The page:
Civil Engineering Degrees

Civil engineers are responsible for the design, manufacture and maintenance of the infrastructures we see and use every day. As a civil engineer, you might be involved in the design and construction of buildings, transport networks, and energy and water supply infrastructures. Your knowledge of the built environment, as well as other elements of engineering, such as health and safety, will make you an asset to the profession.

About Civil Engineering


The accreditation of a degree in civil engineering will depend on the institution that you choose to study at. It will also be influenced by the level you are studying at. At undergraduate level, you can expect to be awarded a Bachelor of Engineering (BEng), a Bachelor of Science (BSc), or an integrated Master of Engineering (MEng).

Some degree courses might be accredited by a professional body, for example the Institution of Civil Engineers (ICE).


Generally, an undergraduate degree will take three to four years to complete, depending on where you choose to study.

Your institution may offer part-time study options, which usually means that your degree will take four to six years. You may also be able to take a foundation programme, which is useful if you do not meet the entry requirements for your degree.


Annual tuition fees for UK students are capped by the UK government. For the 2019/20 academic year, they are £9,250. This is subject to change each year, and will be updated on your institution website.

The fees displayed below are an example of typical annual tuition fees for an undergraduate civil engineering degree. Actual tuition fees can be found on the institution webpages.

Typical Annual Tuition Fees

  • Undergraduate - £9,250

Topics Covered


An undergraduate degree will provide a foundation of knowledge in the main areas of civil engineering. You might study modules on structural engineering, construction management, engineering materials, ground engineering and structural analysis, design and detailing. The majority of undergraduate degrees will be designed to suit students who do not have a vast wealth of civil engineering experience or knowledge. They will also be able to challenge those students who have well developed civil engineering skills. Your degree will be delivered through lectures and tutorials, as well as incorporating practical sessions, field trips and site visits. You may be presented with the opportunity to take part in an industry placement module. Depending on your course, you may be able to specialise towards the end of your degree. Assessment methods could include written work, design projects, and presentations.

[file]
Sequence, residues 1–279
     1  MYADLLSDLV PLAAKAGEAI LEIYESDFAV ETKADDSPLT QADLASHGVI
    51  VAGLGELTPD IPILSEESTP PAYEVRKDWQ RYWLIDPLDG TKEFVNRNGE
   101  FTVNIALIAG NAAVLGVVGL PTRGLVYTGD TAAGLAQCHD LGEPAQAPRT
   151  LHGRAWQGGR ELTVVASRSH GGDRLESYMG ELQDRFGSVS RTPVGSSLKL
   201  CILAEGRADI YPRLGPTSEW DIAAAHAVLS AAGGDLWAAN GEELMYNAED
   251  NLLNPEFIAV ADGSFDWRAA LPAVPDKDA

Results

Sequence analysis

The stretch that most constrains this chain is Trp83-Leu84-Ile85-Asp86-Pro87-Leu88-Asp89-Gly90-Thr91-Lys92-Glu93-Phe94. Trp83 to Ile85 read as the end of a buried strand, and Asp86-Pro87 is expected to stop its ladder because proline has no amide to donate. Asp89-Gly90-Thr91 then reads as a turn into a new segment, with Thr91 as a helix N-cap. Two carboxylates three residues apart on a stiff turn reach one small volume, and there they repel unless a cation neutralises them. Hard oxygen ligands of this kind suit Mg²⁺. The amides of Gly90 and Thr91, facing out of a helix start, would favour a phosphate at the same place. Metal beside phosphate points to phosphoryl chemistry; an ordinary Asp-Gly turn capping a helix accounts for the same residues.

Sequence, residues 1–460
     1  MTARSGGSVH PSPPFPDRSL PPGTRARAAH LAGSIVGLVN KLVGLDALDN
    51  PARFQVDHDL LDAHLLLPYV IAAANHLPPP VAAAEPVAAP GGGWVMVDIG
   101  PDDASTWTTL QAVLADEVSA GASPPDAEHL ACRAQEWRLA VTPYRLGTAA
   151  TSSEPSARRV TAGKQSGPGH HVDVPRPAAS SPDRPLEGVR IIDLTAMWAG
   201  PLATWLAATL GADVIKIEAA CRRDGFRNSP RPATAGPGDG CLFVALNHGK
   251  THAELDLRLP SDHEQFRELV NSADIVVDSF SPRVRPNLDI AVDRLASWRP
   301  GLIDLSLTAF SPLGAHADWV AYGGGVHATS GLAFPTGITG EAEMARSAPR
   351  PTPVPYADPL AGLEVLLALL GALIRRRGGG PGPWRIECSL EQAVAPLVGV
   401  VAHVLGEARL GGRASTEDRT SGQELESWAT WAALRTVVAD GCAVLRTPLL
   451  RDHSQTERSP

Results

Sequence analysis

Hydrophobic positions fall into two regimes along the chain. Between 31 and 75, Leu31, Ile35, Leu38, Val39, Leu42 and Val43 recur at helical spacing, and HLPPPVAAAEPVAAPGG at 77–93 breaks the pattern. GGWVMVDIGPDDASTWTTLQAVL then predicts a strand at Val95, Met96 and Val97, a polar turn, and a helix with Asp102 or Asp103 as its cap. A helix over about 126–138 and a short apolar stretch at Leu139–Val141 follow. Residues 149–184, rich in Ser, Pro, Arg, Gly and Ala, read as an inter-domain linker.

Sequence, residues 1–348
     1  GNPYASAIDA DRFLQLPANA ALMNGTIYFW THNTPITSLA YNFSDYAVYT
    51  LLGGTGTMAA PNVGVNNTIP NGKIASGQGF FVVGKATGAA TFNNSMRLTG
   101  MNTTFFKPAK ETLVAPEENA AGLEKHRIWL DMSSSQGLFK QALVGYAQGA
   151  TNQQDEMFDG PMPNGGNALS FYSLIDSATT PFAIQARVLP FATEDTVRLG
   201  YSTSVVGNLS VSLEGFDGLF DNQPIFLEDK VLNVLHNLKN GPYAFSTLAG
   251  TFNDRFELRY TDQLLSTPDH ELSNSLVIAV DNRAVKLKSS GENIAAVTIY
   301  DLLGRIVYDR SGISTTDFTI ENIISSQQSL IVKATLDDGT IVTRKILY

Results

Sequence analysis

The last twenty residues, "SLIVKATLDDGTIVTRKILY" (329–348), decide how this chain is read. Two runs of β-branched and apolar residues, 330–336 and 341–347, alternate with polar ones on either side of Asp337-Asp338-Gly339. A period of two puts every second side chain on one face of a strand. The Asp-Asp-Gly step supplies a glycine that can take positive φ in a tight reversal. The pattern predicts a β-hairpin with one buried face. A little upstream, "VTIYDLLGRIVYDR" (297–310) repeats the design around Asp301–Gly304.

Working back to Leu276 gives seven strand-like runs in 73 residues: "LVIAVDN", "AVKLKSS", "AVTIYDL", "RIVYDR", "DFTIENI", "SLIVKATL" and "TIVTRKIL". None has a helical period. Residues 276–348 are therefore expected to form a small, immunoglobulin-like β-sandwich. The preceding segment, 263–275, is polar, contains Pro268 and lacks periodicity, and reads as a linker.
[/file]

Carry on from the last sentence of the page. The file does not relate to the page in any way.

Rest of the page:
Entry Requirements

The entry requirements for a degree in civil engineering will depend on where you choose to study. It will also depend on the level of study for which you are applying. An undergraduate degree will require you to have a background in mathematics, with some institutions also requiring and accepting other quantitative subjects. This might include physics, further mathematics, and chemistry. If you do not have a strong background in mathematics, but can show that you are passionate about the subject area, some universities might still consider your application. You can display your passion and enthusiasm through you personal statement, or an interview.

Typical Entry Requirements


  • A Level Grades - AAB-BBB
  • UCAS Points - 136-120 UCAS points
  • Required/Desired Subjects - Mathematics, Physics, Chemistry, Further Mathematics

Career Prospects

Civil engineering graduates will find that there are many career opportunities available to them. The most common destination is for graduates to work directly in the field of civil engineering. Roles might include chartered civil engineering, maintenance engineering, or building control surveyor. You might choose to focus on a certain element of civil engineering, such as the design process, or the manufacturing and maintenance. If you wish to be self-employed, you could become a civil engineering consultant. If you choose to work in a role not directly related to civil engineering, you could work as a business analyst, a health and safety officer, or a project manager.

Throughout your degree, you will have gained a wide range of transferable skills. You will also have developed your analytical and theoretical skills. These skills will make you an asset to many industries, and roles within these. Skills you gain might include problem solving, project management, idea development, and the management of budgets and plans.